The truss bridge at the 9th milestone - one of two that will be gazetted for conservation.

The truss bridge at the 9th milestone – one of two that will be gazetted for conservation.

Besides the concept master plan and concept proposals for the 24 km corridor, visitors to the exhibition will also get to have a look at MKPL’s and Turenscape’s ideas for the adaptive reuse of Tanjong Pagar Railway Station and the Choa Chu Kang development. The proposal for Tanjong Pagar Railway Station sees it re-purposed into a multi-functional community use building for an interim 20 year period before future plans can be made in relation to the intended Greater Southern Waterfront development that will take place after the lease expires at the port in 2027.

MKPL's and Turenscape's vision for Tanjong Pagar Railway Station.

MKPL’s and Turenscape’s vision for Tanjong Pagar Railway Station.

Panels showing proposals for Tanjong Pagar Railway Station and the Lines of Life.

Panels showing proposals for Tanjong Pagar Railway Station and the Lines of Life.

What is proposed will see art clubs, a railway gallery, exhibition space, auditorium, cafés and modular pop-up community kiosks placed along the platforms with a landscaped are in front of of the former station. Also proposed is the integration of the Circle Line’s Cantonment Station, which will be built under the platforms, with the former railway station (see also: Closing the Circle). The proposals – done up when it was thought that the portion of the platforms to be removed to allow the MRT station to be constructed had to be demolished – sees a new interpretation of the removed platform constructed and also the station exits opening up to the area where the tracks were. We do know from the joint SLA/LTA 29 October announcement that ways to reinstate the removed portions of the platforms are being looked into. What would certainly be good to also see is that the perspective provided along the platforms – among the longest along the Malayan Railway’s line to accommodate the longest mail trains and a testament to the importance of the former station, is not altered by the suggested interventions.

The platforms at Tanjong Pagar Railway Station were dimensioned to accommodate the longest mail trains and are among the longest found along the Malayan Railway's lines - a testament to the station's importance.

The platforms at Tanjong Pagar Railway Station were dimensioned to accommodate the longest mail trains and are among the longest found along the Malayan Railway’s lines – a testament to the station’s importance.

Minister for National Development , Mr Lawrence Wong viewing MKPL/ Turenscape's winning proposal for Choa Chu Kang.

Minister for National Development , Mr Lawrence Wong viewing MKPL/ Turenscape’s winning proposal for Choa Chu Kang.

More information on the winning proposals can be found at the URA’s Rail Corridor RFP website. The proposals can also be viewed at the exhibition, which is being held at the URA Centre Atrium and runs from 9 to 28 November 2015. The master plan and design concepts, which have already incorporated many ideas from the consultation process, are not finalised proposals and there will be scope to have them be refined based on further feedback from stakeholders and the general public. This can be provided at the exhibition where one can provide feedback on forms in one of the four official languages, or online http://ura.sg/railrfp.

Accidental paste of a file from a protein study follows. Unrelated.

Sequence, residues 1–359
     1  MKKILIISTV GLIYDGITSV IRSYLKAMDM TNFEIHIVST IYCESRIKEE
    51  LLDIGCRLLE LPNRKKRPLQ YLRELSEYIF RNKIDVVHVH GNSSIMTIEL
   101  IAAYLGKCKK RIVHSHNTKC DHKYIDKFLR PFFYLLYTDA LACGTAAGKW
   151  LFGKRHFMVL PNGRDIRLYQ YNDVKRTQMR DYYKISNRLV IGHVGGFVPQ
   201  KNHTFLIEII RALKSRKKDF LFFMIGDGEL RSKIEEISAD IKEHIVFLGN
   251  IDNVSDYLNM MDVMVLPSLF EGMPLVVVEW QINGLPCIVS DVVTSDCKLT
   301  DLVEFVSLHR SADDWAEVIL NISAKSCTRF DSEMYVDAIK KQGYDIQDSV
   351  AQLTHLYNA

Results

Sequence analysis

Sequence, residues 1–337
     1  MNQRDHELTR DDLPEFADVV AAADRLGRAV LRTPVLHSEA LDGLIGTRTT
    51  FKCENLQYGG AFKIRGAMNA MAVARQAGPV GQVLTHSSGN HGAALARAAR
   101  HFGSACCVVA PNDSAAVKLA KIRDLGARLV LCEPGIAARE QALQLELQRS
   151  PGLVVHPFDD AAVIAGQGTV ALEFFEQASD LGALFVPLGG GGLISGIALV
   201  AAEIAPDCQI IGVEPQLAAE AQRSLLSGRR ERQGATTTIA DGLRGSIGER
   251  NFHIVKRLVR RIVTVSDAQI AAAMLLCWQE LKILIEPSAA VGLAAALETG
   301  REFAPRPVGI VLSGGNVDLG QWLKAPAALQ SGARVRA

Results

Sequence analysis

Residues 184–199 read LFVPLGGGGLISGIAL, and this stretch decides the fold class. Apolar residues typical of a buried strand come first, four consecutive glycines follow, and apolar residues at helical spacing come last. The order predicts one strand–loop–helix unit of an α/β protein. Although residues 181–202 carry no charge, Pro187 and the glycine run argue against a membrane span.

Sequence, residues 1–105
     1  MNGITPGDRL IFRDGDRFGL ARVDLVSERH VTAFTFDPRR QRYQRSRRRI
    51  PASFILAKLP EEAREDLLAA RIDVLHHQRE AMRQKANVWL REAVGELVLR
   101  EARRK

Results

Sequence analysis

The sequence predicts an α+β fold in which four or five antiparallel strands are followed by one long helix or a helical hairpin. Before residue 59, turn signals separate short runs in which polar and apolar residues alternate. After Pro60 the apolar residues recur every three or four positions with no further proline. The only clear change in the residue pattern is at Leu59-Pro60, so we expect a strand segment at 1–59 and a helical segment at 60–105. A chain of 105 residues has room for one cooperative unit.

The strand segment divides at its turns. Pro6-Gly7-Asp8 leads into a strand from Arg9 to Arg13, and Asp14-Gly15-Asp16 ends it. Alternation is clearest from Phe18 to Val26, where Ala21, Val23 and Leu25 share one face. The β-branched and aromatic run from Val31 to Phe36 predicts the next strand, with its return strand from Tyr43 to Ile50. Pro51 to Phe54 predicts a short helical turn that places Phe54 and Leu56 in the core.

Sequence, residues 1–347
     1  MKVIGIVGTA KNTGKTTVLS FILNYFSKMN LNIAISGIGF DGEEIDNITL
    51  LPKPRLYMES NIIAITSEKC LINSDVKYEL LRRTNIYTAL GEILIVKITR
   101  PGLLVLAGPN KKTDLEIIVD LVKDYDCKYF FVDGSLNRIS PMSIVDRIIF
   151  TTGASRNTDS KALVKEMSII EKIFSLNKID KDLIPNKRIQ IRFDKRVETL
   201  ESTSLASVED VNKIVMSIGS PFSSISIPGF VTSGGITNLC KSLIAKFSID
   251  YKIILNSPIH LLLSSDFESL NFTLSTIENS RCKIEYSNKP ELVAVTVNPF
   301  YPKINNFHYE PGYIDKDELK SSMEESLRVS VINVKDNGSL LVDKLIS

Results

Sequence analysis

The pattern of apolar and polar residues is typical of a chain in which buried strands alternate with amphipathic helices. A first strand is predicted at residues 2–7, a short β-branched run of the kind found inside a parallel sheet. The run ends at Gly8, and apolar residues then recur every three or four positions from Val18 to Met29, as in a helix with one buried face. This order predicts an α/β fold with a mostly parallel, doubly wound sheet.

Feedback can be provided at the exhibition.

Feedback can be provided at the exhibition.

Feedback can also be made electronically.

Feedback can also be made electronically.

Forms are provided in the four official languages.

Forms are provided in the four official languages.

The exhibitions will also be brought to neighbourhoods along the corridor in the first quarter of 2016, during which time feedback may also be provided, following which Stage 2B and 2C of the RFP exercise will be held, starting in the second quarter of 2016. The awarded teams will work with URA to refine the ConceptMaster Plan and Concept Proposals, taking into account the feedback received during stage 2B. A preliminary design and feasibility study for a selected four kilometre-long signature stretch of the Rail Corridor, covering the area from Bukit Timah Railway Station to Hillview Road area, will also be carried out by Nikken Sekkei in Stage 2C. This will be followed by a public exhibition of the proposals scheduled in June 2016.


Around the exhibition

JeromeLim-7066

JeromeLim-7060

JeromeLim-7047

JeromeLim-7098

JeromeLim-7102

JeromeLim-7124


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2 responses

11 11 2015
dawnofdivinerays

Reblogged this on Dawn of Divine Rays and commented:
An exciting change indeed, Jerome Lim. Thank you for sharing your post with us. Being abroad for many years, makes me wonder about the various changes in Singapore. Am very glad to know that Singapore is veering towards a more nature friendly environment with more spaces for Singaporeans to venture out of their confined flats. Am always very happy to read your posts. Happy mid week, Jerome. Namaste

11 11 2015
Anand

Thank you for this summary